Human Desire – film review
Human Desire (1954)
Director: Fritz Lang
Cast: Glenn Ford, Gloria Grahame, Broderick Crawford
Runtime: 90 minutes
Release Date: 11/02/2019
Jamie Havlin assesses a startlingly dark, late film noir by legendary director Fritz Lang.
Fritz Lang’s Human Desire is his version of Jean Renoir’s adaptation of Emile Zola’s novel La Bête Humaine. Lang has claimed that Renoir’s film was far superior to his and that he only made Human Desire due to contractual obligations with Columbia Pictures. Don’t let this put you off, though.
Originally Rita Hayworth was to play the role of Vicki Buckley but when she couldn’t commit, Lang decided to reunite Glenn Ford and Gloria Grahame from the previous year’s The Big Heat. The chemistry between the pair is again palpable. Lang was also reunited with Alfred Hayes, the screenwriter of his 1952 noir hit Clash by Night.
Jeff Warren has just returned from service in Korea. He’s a genial guy, obviously popular with his co-workers in the railroad company where he works, driving trains with his pal Alec Simmons. Alec is putting him up until he finds his own place and his family adore Jeff. Especially daughter Ellen, who isn’t very secretive about her crush on him.
A rare noir in that it isn’t set in a big city, Human Desire starts out naturalistically but soon many of the key ingredients of the genre such as infidelity, deception, and murder surface.
Vicki Buckley is in an unhappy marriage. Her husband Carl (Broderick Crawford), is a brutish older man who works in the same train yard as Jeff. If he isn’t drinking in local bar Duggan’s, he likes to spend his spare time whittling sticks of wood with a very sharp knife. He can be insanely jealous. When he loses his job, he persuades Vicki to plead with John Owens, an important railroad customer she knows, to help him regain his position as a railroad stationmaster.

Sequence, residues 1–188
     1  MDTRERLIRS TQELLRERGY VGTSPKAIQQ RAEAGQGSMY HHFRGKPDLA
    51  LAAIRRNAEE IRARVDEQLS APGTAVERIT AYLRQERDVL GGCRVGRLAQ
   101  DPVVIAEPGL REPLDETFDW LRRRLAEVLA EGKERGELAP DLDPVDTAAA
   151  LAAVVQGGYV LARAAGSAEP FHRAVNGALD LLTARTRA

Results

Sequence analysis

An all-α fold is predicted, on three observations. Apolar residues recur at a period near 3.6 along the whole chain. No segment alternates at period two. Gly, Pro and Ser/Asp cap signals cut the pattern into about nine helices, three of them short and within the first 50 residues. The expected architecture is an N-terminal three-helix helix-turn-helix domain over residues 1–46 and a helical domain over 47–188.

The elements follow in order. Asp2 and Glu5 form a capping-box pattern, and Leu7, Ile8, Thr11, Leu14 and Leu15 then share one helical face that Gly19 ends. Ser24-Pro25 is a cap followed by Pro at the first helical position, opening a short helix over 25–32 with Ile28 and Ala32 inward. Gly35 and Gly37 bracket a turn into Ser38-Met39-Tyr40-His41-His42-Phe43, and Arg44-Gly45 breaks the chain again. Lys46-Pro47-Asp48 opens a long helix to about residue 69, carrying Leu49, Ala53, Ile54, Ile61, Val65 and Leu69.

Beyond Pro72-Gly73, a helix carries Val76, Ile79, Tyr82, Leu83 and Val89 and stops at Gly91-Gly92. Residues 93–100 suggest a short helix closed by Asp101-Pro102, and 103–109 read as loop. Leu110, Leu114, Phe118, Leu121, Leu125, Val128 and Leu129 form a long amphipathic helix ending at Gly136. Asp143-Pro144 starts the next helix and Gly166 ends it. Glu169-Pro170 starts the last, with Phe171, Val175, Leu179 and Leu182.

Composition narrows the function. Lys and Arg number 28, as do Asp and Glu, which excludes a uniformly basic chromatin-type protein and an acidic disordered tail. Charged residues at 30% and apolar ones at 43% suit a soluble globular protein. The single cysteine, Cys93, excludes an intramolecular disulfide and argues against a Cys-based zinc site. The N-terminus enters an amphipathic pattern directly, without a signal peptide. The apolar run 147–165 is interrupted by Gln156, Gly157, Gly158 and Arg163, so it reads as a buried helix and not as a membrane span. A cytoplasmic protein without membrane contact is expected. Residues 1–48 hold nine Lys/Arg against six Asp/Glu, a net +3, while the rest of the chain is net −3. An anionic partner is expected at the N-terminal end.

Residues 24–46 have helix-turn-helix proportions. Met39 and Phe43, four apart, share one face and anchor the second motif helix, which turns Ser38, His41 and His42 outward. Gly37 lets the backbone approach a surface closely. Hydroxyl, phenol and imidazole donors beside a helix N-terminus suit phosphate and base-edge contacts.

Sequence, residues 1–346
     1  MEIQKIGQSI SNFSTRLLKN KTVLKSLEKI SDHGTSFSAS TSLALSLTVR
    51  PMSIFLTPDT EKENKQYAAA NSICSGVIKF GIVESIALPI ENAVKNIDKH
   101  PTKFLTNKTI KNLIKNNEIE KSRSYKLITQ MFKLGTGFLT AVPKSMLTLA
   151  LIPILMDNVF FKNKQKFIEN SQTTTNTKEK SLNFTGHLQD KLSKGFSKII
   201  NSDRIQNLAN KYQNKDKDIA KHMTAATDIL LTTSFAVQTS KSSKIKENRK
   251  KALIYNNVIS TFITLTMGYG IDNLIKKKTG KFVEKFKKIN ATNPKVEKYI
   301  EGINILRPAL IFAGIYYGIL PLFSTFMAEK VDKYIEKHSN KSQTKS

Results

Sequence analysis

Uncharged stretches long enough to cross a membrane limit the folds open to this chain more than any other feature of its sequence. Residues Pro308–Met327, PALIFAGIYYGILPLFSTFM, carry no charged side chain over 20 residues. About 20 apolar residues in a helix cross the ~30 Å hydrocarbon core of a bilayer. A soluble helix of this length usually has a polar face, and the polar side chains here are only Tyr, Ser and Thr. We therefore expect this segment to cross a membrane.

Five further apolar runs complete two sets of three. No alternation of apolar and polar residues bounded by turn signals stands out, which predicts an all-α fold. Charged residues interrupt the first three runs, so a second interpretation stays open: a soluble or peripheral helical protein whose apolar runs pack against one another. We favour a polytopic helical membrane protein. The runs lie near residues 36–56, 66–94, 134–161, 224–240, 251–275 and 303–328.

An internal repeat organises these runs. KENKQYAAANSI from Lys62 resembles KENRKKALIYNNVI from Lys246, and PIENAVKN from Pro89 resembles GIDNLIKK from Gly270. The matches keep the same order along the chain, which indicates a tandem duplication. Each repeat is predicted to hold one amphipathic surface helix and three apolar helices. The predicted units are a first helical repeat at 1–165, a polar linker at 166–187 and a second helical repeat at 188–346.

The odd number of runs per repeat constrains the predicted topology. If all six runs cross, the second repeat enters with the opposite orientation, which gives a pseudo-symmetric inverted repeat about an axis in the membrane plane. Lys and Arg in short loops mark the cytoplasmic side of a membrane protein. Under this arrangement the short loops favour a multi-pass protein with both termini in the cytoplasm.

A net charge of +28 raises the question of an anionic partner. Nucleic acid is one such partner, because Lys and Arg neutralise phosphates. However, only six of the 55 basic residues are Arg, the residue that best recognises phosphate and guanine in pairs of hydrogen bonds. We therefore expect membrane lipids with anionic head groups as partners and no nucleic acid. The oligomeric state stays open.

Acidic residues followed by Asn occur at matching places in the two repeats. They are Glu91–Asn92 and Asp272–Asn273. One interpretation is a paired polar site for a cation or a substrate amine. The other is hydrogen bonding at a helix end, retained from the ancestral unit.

That temper of Carl’s is going to spiral dangerously out of control, when Vicki doesn’t return from her meeting with Owens until five hours after setting out. Carl suspects Vicki has been unfaithful, and he immediately begins planning revenge on Owens. This revenge will take place that night on a train that he knows the industrialist will be travelling on and he makes sure that Vicki is involved.
Spotting Jeff on the train and not wanting to be seen, Carl insists that Vicki distract him, which she succeeds in doing in classic femme fatale style. Jeff is immediately smitten and more trouble looms large when the pair embark on a relationship.
Alarm bells really should ring when she asks if he killed anybody in Korea.
Despite some melodramatic moments, this is a gripping drama with a tautly written script. Burnett Guffey’s cinematography is impressive while Lang, despite his reservations, does a fine job too.
Best of all is Gloria Grahame. She’s beautiful, yet vulnerable – just as she was in real life – and Lang lets us make up our own minds on just how amoral she is.
The Masters of Cinema Series present this underrated film for the first time ever on Blu-ray.
Extras include an exclusive interview with film scholar Tony Rayns and a collector’s booklet featuring new writing on the film by film historian Travis Crawford, critic and author Richard Combs, and writer Adam Batty, alongside rare archival imagery.
For more on the film visit the Eureka Masters of Cinema site.
All words by Jamie Havlin. More writing by Jamie can be found at his Louder Than War author’s archive.